After finishing up a seven-year, $210 million contract, right-hander Max Scherzer is a free agent again. The ace hurler has been a Major Leaguer for 14 seasons and is a three-time Cy Young Award winner and eight-time All-Star. Heading into his age-37 season, he’s showing no signs of slowing down.
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Here’s what you need to know about Scherzer:
Birthdate: July 27, 1984 (Age 37 in 2022)
Primary position: RHP
Height/weight: 6-foot-3, 208 lbs.
Place of birth: St. Louis, Mo.
School(s): Parkway Central (Mo.) HS, University of Missouri
Drafted: 1st round (11th), 2006, by D-backs
MLB debut: April 29, 2008
Qualifying offer: Not eligible to receive one
2021: 15-4, 2.46 ERA (166 ERA+), 236 K, 5.3 WAR* in 179 1/3 IP
Career: 190-97, 3.16 ERA (134 ERA+), 3,020 K, 67.2 WAR in 2,536 2/3 IP
STAT TO KNOW
Scherzer’s 2.46 ERA and 0.86 WHIP in 2021 were the lowest of his 14-year career, and his 28.9 K-BB% (strikeout rate minus walk rate) was his second highest after 2019 (30.3%).
Scherzer’s age hasn’t proved to be a detriment yet, but it’s by far the biggest red flag for free-agent suitors. If Mad Max signs a three-year deal, he’d be 40 by the time it expires.
He’s in rare company with 3 Cys
Scherzer won the American League Cy Young Award with the Tigers in 2013, then earned National League Cy Young honors in back-to-back years (‘16, ‘17) with the Nats. The list of pitchers with at least three Cy Young Awards isn’t long. It includes Hall of Famers Randy Johnson, Steve Carlton, Greg Maddux, Sandy Koufax, Pedro Martinez, Jim Palmer and Tom Seaver, plus Roger Clemens and Clayton Kershaw in addition to Scherzer.
Scherzer is also one of six pitchers to win a Cy Young Award in both leagues, joining Clemens, Johnson, Martinez, Gaylord Perry and Roy Halladay.
The ace right-hander came close to earning his fourth Cy Young in 2021, finishing third behind Corbin Burnes and Zack Wheeler. It was the eighth time Scherzer placed fifth or better in his league’s voting.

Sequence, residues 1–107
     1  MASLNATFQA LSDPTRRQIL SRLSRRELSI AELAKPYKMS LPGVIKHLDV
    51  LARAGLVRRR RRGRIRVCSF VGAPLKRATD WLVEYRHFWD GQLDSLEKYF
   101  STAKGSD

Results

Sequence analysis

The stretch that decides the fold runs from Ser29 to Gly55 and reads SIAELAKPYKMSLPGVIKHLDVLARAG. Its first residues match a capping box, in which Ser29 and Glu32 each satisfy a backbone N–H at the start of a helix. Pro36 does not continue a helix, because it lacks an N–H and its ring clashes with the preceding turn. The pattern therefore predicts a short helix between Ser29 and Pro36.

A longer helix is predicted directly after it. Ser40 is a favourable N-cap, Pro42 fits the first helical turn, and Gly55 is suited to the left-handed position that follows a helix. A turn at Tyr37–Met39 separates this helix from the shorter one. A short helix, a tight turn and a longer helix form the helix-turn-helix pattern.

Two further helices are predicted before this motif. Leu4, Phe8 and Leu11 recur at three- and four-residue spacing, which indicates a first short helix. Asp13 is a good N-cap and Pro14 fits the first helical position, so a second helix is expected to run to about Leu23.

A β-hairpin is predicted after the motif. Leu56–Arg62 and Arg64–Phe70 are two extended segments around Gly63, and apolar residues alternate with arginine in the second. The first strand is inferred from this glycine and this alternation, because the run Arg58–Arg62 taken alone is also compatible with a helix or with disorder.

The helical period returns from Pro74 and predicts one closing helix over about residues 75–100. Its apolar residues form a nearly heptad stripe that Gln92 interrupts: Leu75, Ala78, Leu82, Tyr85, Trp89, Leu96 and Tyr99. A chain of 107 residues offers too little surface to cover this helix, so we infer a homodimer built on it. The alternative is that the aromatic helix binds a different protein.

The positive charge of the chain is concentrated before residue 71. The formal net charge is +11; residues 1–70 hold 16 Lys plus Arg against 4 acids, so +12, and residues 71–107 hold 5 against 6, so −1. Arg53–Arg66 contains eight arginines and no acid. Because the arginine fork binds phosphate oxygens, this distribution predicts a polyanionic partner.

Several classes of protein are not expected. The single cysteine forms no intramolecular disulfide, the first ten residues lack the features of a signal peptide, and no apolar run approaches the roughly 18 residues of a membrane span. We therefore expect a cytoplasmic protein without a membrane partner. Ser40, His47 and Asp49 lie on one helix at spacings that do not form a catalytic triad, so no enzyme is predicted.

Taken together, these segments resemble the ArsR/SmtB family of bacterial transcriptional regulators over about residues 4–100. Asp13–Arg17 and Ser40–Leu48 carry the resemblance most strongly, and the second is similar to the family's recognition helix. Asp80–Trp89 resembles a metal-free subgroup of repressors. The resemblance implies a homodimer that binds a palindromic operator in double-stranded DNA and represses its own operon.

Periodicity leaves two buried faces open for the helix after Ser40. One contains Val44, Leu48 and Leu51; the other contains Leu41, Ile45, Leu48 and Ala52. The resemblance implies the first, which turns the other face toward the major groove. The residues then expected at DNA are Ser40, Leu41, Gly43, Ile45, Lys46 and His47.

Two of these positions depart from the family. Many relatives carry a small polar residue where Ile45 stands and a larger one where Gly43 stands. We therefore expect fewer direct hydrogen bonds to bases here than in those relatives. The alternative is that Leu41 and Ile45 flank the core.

He joined the 3,000-strikeout club in 2021
One of the top strikeout artists of his generation, Scherzer tallied the 3,000th K of his career when he fanned Padres first baseman Eric Hosmer in the fifth inning at Dodger Stadium on Sept. 12. With that, he became the 19th pitcher to join the 3,000-strikeout club.
Scherzer made additional history in the same game, striking out the side on nine pitches in the top of the second to become the third pitcher on record after Koufax and Chris Sale to toss as many as three immaculate innings.
His first 9 starts with the Dodgers were historic
Traded to the Dodgers with shortstop Trea Turner on July 30, Scherzer made an immediate impact for Los Angeles. The Dodgers didn’t lose a single regular-season game he started, and he allowed just five earned runs over 58 innings in his first nine starts with the club. Scherzer’s 0.78 ERA in that span was the lowest for any pitcher in his first nine starts with a team (since 1913, when earned runs became official), topping the 0.79 ERA posted by Dana Fillingim over his first nine starts with the Boston Braves in 1918.
Best free-agent signing ever?
He’s certainly up there. MLB.com’s Mike Petriello attempted to quantify the best free-agent deals ever by creating a points system based on individual and team performance during the contract, and Scherzer landed third on the list after Johnson and Maddux.